World Nomads Releases Another of its Popular Travel Guides

First-hand stories of Mexico: Where Nomads Go


Photo © Getty/Orbon Alija

Mexican culture doesn’t stop at margaritas and mariachi. With more than 60 different indigenous groups, global influences from Europe, Asia, and the Middle East, and civilizations that date back thousands of years, it’s a colorful and diverse place that can’t be easily defined. From rowdy, weeks-long fiestas to elegant colonial churches, ancient Maya temples and craft-brewing hipsters, Mexico offers endless variety.

In World Nomads’ latest guide, Mexico: Where Nomads Go, 8 travel writers share their first-hand accounts of the extraordinary things they discovered in Mexico.

  •  “Mexican food is infinitely more complex than the familiar export version of beans and cheese. In Oaxaca alone, there are eight regions differentiated by climate, customs, and ingredients. And Oaxaca is just one of the 31 United Mexican States, each with its own distinctive culture and food.” - Kendall Hill
  •  “The crunch of my footsteps on the loose, alabaster gravel of el Sacbe, the ancient “white road,” is the only sound I can hear against the constant buzz of insects. I ask myself for the 10th time, “How on earth I am the only person at these ruins?” It’s 3 pm on a Saturday and, aside from the group of children leaving as I arrived, I have not seen another visitor.” - Chelsea Gregory
  •  “In the southwestern corner of Mexico, a third gender (muxe) has been a fact of Zapotec life since pre-Colonial times. The following week, I drove with Elena to Juchitán to see the fabled town for myself. I found it in high spirits. Preparations were underway for four-day vela, a celebration of all things muxe, which is equal parts jamboree, pageant, and Mass.” – Joseph Furey
  •  “I wasn’t sure what to expect when we pulled into Huamantla, Tlaxcala. It looked, after all, like pretty much every other small, unassuming Mexican village I’d visited. But in mid-August each year, Huamantla comes alive after dark in a way I’ve yet to see elsewhere. We were there for The Night Nobody Sleeps, an annual celebration during which locals pour onto the streets, decorating Huamantla with intricate, vibrant sawdust ‘carpets’ (or tapetes).” – Lauren Cocking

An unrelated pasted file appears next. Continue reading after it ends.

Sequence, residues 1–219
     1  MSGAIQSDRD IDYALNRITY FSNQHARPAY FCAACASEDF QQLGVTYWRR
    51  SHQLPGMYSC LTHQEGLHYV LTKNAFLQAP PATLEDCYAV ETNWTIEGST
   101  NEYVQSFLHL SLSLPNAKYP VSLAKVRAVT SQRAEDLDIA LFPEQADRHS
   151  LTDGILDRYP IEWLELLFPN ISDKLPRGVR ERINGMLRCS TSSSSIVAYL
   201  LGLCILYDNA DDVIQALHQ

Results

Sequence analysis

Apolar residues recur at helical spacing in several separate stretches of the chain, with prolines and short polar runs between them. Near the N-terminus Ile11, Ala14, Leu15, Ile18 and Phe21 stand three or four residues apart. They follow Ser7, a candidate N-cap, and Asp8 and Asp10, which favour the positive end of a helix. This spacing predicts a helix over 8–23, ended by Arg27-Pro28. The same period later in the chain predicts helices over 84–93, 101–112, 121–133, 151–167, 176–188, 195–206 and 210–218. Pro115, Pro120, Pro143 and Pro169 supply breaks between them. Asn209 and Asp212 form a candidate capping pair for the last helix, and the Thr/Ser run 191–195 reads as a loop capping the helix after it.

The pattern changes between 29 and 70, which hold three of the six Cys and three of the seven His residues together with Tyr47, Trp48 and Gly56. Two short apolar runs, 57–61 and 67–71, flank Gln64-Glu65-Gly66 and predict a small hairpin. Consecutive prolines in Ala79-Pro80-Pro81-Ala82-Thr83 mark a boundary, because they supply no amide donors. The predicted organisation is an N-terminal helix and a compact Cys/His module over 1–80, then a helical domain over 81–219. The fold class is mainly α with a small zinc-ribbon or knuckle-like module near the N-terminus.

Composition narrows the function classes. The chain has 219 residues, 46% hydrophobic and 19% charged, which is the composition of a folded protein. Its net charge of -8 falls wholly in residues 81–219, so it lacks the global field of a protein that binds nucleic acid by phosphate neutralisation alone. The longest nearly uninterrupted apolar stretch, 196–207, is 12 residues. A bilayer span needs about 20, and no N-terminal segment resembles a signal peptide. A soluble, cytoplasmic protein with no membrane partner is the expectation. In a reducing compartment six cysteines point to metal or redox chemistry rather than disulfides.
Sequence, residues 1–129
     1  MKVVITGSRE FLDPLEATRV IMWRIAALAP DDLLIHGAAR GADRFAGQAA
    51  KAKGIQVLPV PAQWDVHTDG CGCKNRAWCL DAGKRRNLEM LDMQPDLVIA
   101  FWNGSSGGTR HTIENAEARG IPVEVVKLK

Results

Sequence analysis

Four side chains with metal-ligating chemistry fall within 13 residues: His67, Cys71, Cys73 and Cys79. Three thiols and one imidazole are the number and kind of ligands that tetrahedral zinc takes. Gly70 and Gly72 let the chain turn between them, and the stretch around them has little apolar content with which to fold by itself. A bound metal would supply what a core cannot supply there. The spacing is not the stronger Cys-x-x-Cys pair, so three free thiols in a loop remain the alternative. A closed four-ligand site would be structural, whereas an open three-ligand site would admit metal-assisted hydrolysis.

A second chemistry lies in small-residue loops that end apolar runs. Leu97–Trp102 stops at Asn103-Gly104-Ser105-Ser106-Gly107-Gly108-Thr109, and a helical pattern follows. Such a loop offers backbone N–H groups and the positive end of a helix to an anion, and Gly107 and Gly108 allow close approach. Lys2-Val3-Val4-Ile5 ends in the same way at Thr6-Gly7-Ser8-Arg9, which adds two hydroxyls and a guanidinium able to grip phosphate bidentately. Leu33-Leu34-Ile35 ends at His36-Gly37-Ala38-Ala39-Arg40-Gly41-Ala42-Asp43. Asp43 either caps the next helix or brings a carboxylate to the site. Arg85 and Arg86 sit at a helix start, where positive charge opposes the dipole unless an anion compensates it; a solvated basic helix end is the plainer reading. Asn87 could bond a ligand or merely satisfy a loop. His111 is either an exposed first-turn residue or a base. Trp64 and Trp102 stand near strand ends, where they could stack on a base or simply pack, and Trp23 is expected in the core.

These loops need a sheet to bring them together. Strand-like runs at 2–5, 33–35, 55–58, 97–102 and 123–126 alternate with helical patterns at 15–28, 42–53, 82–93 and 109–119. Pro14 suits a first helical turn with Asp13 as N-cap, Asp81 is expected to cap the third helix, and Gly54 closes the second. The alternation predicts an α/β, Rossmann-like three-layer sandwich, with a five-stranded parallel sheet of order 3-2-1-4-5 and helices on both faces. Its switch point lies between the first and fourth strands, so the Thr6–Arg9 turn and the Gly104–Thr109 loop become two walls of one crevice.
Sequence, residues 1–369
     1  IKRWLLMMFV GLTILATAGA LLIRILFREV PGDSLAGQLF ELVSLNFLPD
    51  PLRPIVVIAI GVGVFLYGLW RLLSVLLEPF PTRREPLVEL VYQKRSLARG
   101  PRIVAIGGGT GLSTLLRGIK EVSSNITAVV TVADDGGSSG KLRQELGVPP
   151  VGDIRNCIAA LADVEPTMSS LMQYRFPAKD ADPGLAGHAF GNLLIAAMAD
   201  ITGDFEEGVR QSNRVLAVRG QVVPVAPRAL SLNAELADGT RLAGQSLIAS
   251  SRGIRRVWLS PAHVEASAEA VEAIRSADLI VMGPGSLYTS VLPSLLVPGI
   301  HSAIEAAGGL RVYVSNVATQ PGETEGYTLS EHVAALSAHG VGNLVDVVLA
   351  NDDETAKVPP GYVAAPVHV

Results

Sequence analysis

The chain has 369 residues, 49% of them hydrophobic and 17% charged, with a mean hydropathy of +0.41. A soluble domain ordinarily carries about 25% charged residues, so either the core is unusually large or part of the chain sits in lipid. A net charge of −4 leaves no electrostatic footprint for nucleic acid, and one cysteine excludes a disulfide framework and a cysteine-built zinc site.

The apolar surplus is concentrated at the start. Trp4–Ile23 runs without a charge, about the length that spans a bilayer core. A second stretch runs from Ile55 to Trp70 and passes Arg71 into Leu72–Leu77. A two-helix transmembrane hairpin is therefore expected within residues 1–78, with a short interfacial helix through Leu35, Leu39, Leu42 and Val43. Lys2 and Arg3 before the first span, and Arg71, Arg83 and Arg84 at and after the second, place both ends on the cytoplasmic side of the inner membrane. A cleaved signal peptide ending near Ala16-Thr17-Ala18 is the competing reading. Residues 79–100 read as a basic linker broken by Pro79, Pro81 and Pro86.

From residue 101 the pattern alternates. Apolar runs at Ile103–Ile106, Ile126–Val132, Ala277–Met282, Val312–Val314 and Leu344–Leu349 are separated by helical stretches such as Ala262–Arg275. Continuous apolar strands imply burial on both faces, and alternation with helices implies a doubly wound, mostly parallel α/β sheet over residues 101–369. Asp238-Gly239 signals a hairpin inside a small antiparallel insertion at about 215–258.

•  “While traveling in Mexico City, I heard about a woman named Ruth Lechuga who was the world’s authority on Mexican folk art and had an astonishing collection of 10,000 objects in her apartment. I knew I had to see her.” -Maxine Rose Schur
  • “If you’re considering travel to Central Mexico, you’ve almost certainly added San Miguel de Allende to your itinerary. It’s a great little town – but allow me to make the case for Guanajuato, a UNESCO World Heritage Site and hidden gem tucked away in San Miguel’s shadow. It’s largely devoid of the crowds of international tourists you’ll find in other, more popular Mexican cities, yet still packed with a full slate of interesting opportunities ripe for exploration.” – Dan Pierson
  • Xcalak (pronounced ish-ca-lack) is so underrated, it’s hardly even fair to say it’s rated at all. A town of 400 permanent residents, Xcalak is located on the southern border with Belize. This is a completely off-the-grid kind of place that forces visitors to disconnect for a while (no cell service!). I truly feel like I’m at the end of the world. And I am, at least, at the end of the highway.” – Sara Walton
  • The gray whale swims slowly toward our boat, her baby following closely the 50ft-long (15m-long) mother floats over to our boat and stops, her nose partially underneath us. Leaning over the gunwale, I reach out and pet her head. Soon the baby noses his way over, wanting some love too. Usually, petting or otherwise touching wild animals are to be strictly avoided, but here the whales themselves seek it out.” - Johanna Read

These encounters in full and many more are available through WorldNomads.

World Nomads has 22 travel guides covering Iceland to Thailand, Australia to Argentina, but Mexico – Where Nomads Go is a departure from the usual format. Travel writers all over the world share their first-hand experiences of visiting Mexico, bringing to life the things they’ve seen, heard, tasted and felt.

Download “Mexico: Where Nomads Go” now.

Los Colorados. Image: Lydia Jones

Travel insurance

Travel to Mexico does not come without risk and we encourage you to take precautions to ensure your safety. The US State Department lists Mexico as a Level 2 risk for the country overall advising “exercise increased caution” (the same as the UK and South Africa). Some parts of the country have Level 3 “reconsider your need to travel” and even Level 4 “Do not travel” advisories. Read the advice here. Be aware that travel contrary to official advice is likely to impact your travel insurance coverage.

All of the information we provide about travel insurance is a brief summary only. It does not take into account your personal needs and does not include all terms, conditions, limitations, exclusions and termination provisions of the travel insurance plans described. Coverage may not be available for residents of all countries, states or provinces. Please carefully read the policy wording available at for a full description of coverage.

No Comments

Add a Comment